Sri Lanka skipper Dinesh Chandimal charged with ball-tampering by ICC

Sri Lanka skipper, Dinesh Chandimal, ball-tampering, ICC

Gros Islet: Sri Lanka captain Dinesh Chandimal has been charged with ball-tampering by the International Cricket Council (ICC). “Sri Lanka captain Dinesh Chandimal has been charged for breaching Level 2.2.9 of the ICC Code of Conduct,” ICC tweeted.

The latest ball-tampering fiasco had surfaced on the third day of the ongoing second Test between West Indies and Sri Lanka at Gros Islet on Saturday. The breach relates to changing the condition of the ball. The same charge was levelled against Australia batsman Cameron Bancroft who was caught on camera rubbing a piece of sandpaper on the ball against South Africa in March.

This was the second such instance within three months, after the Australians were found guilty of ball-tampering in South Africa in March during the third Test between the two nations.

Steve Smith, along with David Warner, was handed a one-year ban from both domestic and international cricket by Cricket Australia while batsman Bancroft was handed a nine-month suspension for their involvement in the incident.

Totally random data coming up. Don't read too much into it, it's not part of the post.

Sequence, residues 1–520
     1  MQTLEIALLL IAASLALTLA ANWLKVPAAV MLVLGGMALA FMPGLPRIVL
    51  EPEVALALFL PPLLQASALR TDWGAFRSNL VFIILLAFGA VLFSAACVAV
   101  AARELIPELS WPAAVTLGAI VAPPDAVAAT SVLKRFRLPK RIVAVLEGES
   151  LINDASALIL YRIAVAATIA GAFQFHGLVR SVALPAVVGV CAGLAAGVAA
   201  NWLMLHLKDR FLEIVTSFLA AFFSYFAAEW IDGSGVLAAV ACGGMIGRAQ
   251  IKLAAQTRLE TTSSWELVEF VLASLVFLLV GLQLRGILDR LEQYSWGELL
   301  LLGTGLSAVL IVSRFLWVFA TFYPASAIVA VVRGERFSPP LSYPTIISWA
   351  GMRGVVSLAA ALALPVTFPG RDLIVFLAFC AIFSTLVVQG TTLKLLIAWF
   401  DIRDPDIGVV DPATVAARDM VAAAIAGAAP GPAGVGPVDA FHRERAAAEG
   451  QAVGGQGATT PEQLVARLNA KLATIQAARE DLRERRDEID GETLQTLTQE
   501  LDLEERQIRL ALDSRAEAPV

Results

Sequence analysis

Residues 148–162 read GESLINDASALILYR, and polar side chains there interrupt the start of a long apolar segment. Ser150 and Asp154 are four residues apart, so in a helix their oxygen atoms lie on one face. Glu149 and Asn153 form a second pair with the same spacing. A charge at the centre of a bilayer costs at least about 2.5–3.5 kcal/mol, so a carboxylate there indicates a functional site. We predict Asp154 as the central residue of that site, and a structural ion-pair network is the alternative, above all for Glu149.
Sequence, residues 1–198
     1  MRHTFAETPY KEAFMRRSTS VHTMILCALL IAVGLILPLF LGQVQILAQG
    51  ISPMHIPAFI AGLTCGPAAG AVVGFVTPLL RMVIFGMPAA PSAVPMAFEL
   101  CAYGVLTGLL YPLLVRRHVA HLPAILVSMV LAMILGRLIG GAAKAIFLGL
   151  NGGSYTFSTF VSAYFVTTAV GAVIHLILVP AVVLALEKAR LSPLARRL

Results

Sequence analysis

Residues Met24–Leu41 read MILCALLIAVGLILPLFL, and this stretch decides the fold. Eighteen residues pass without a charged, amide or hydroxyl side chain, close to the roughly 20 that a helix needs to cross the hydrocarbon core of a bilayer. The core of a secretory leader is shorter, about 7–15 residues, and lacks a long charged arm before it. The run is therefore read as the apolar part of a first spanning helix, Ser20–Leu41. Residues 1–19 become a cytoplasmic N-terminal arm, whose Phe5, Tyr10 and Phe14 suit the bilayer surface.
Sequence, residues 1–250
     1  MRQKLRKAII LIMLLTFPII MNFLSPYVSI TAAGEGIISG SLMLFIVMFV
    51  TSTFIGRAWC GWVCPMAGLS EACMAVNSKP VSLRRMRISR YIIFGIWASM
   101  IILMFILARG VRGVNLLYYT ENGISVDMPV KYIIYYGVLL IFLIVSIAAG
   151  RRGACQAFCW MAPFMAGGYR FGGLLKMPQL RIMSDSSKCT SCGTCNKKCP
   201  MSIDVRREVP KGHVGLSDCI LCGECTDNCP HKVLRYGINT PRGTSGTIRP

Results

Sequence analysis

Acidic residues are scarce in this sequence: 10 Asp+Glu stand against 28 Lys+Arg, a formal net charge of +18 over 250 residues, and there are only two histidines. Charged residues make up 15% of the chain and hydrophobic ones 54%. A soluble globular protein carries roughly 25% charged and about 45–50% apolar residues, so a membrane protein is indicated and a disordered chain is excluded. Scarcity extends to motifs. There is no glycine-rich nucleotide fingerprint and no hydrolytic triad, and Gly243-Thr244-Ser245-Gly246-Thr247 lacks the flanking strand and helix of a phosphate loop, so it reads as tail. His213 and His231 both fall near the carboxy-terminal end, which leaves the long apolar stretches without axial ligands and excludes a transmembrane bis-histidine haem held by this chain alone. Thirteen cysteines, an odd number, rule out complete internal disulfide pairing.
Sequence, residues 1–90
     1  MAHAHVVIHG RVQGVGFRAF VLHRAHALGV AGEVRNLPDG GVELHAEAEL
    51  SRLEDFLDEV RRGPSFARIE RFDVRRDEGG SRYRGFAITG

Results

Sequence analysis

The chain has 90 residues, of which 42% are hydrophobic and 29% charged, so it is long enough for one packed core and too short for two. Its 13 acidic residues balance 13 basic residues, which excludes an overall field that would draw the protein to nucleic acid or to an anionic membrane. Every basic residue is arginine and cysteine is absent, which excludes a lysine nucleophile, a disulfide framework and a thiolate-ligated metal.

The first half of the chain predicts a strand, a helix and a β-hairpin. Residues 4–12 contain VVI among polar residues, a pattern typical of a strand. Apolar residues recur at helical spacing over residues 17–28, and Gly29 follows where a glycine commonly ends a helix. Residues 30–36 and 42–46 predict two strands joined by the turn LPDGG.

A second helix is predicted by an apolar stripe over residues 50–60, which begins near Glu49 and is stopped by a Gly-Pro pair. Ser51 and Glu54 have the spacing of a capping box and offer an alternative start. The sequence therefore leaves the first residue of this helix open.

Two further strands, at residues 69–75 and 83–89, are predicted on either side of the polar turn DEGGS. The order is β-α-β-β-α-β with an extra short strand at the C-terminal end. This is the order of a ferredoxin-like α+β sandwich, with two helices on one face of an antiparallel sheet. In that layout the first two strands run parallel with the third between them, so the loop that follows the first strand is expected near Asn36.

Sri Lanka were charged with altering the condition of the ball by umpires Aleem Dar and Ian Gould, who reviewed video of the West Indies first innings on Friday.

They penalized the team before play on Saturday with a change of ball and awarded five runs to the West Indies.

“The ICC can confirm the match officials in the second Test between West Indies and Sri Lanka changed the ball and awarded 5 penalty runs to West Indies,” the ICC said in a statement.

Sri Lanka protested by refusing to leave their dressing room for nearly an hour and a half. Then the team went out to the middle and walked back to the boundary, where arguing with officials didn’t relent for another 40 minutes.

Sri Lanka Cricket has strongly denied involvement of any of its players in ball-tampering.

Sri Lanka Cricket advised the team to play “under protest,” that team management said no players “engaged in any wrongdoing,” and it would take all steps to defend any player charged with “any unwarranted allegation.”

The West Indies resumed on day three on 118/2, which was bumped up to 123/2 by the penalty runs. But the home side was all out in a rush after tea for 300, a lead of 47 on the first innings.

Sri Lanka was 34/1 at stumps in their second innings, trailing by 13. For West Indies, only opener Devon Smith and wicketkeeper Shane Dowrich posted scores of substance, 61 and 55 respectively.

 






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